Laurel non-profit cancels annual Christmas tree sale, says 2009 recession to blame

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A nationwide Christmas tree shortage is forcing a Maryland non-profit to cancel its tree sale this year.

Usually around this time of year, members of the Laurel Lions Club would be busy setting up for their biggest fundraiser – installing everything from fences, platforms and trailers – so they can start selling Christmas trees on the Saturday after Thanksgiving. But for the first time in 61 years, the organization will not be selling trees in the parking lot of the Laurel Shopping Center.

“It’s going to be very much missed,” said Darren Davis. “I can tell you that because I know families that do come over here.”

“They usually make a lot of money for charity and stuff,” said April Beroid. “It’s for a good reason. I’m sorry to hear that.”

The non-profit sent out nearly 1,000 mailers informing customers they would be canceling their largest fundraiser of the year, which will impact the local programs that count on their donations.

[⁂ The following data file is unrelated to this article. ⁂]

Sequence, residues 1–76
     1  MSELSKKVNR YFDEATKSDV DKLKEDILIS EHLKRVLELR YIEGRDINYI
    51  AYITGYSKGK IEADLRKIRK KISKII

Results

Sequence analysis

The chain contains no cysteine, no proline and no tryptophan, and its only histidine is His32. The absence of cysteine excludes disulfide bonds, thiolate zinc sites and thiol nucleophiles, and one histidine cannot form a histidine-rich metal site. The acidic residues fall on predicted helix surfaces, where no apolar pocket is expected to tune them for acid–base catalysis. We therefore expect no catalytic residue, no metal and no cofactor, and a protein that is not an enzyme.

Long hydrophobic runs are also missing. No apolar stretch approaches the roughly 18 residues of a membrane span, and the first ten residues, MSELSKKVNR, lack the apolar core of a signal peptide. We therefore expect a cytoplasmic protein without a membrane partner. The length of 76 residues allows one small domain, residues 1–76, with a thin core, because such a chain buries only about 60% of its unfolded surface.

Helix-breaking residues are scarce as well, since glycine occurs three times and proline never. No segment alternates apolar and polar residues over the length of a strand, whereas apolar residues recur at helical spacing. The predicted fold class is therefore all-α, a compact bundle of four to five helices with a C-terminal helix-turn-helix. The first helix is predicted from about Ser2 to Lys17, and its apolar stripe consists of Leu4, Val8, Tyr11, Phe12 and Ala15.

“We looked at the quality, we looked at the price and we could not sell them at a profit,” said Laurel Lions Club President Charles Brannan.

He says a nationwide Christmas tree shortage caused by the 2009 recession is to blame. 

“When the economy went sour, they didn’t plant enough trees to harvest them last year and this year,” said Brannan. “We will have start earlier next year if we continue to do this. Like in January almost because the vendors are selling trees really quickly. The supply is limited and the demand is up.”

All of the money the Laurel Lions Club make from their Christmas tree sales goes back into the local community, which is why they are now trying to offset the loss with other fundraisers and asking for donations this holiday season.

But they hope be back out selling trees next year.